SchoolArts Magazine

October 2016

SchoolArts is a national art education magazine committed to promoting excellence, advocacy, and professional support for educators in the visual arts since 1901.

Issue link:

Contents of this Issue


Page 60 of 66

CONTINUED FROM PAGE 37. CONTINUED FROM PAGE 42. 56 OCTOBER 2016 SchoolArts niques, and surfaces, but I prefer to talk with students individually about their choice of media and the support they are planning to use before they begin. In doing this, the pros and cons are presented to each student before a decision is made about the direction in which they want go. This helps students avoid potential disasters. Attention to Success After students complete layout drawings, I conduct a final check of their artwork before giving them my "thumbs up." Next, students work towards completion. I follow a similar pattern during this stage; consulting, questioning, and doing small tech- nique demonstrations right up until the very end. In doing all this, I've been able to give all my students the individual attention they deserve and confidence they need to experience some level of success. Class Critique Critique is a powerful part of the over- all development of the artist. It pro- vides students opportunities to give and receive constructive criticism, engage in dialogue with their peers, and explain what their work is about. Students were placed in groups of three or four. Each group was given a critique form, responsibilities, and a list of specific art vocabulary words that were to be used in their discus - sions. Evaluators were responsible for leading their group in a discussion about their assigned artwork, while group leaders took detailed notes on the group's findings and presented them to the class. This gave artists an opportunity to see how their peers reacted to their artwork. In addition, I provided students with extra com - mentary and the chance to take their work back to make any revisions they felt necessary before turning it in for display. John Zilewicz, Jr. is a visual arts teacher at Niles West High School in Skokie, Illi- nois, and northeast council vice-president for the Illinois Art Education Association. johzil@ N A T I O N A L S T A N D A R D Creating: Conceiving and developing new artistic ideas and work. W E B L I N K DIY Natural Paint Recipes Natural Milk Paint 1. Mix 1 part pigment (purchased online or harvested from nature and ground to a fine powder) with 1 part milk powder (with whisk or slotted spoon). Mix slowly to avoid creating dust in the air. 2. Add water to desired thickness. For watercolor effects, add more water. Mix what you'll use in each ses- sion. 3. If there is leftover mixed paint, store it in the refrigerator. Natural Egg Tempera Paint Egg tempera produces a crisp, lumi- nous, water-soluble, and fast-drying paint. 1. Break open an egg and separate the yolk from the white. Keeping the yolk whole, dry it by passing it back and forth in the palms of your hands with a paper towel. 2. Remove the egg yolk from the sac: Hold the yolk over a dish or jar with your thumb and forefinger, and pierce the sac to allow the contents to flow out. Discard the empty sac. 3. Mix the yolk with earth pigments in a bowl, using water to thin the paint. A drop or two of clove oil can be added to slow spoilage if the paint will be stored. Tempera paint does not store well once mixed, so paint away. Leah Fanning Mebane is a professional artist who enjoys harvesting earth pig- ments in the wild and making natural paint. fanningart@ W E B L I N K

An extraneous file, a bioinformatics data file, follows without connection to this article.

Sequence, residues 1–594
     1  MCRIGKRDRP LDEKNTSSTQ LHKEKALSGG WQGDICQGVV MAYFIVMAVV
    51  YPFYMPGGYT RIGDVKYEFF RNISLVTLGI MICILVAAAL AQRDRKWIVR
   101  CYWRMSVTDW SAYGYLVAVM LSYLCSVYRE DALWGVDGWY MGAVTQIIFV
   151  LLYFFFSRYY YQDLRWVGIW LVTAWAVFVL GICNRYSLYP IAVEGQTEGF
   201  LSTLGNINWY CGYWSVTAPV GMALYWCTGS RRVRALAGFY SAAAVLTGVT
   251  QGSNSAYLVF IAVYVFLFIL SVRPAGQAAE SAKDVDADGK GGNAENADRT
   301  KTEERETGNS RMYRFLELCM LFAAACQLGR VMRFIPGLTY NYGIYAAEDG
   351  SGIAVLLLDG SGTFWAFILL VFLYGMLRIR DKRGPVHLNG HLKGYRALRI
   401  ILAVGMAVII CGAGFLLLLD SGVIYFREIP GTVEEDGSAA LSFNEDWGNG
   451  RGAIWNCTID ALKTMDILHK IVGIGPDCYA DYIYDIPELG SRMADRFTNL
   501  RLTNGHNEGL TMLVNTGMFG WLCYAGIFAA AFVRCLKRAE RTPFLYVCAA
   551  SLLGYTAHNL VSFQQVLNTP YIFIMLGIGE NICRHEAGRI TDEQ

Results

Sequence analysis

Articles in this issue

Links on this page

Archives of this issue

view archives of SchoolArts Magazine - October 2016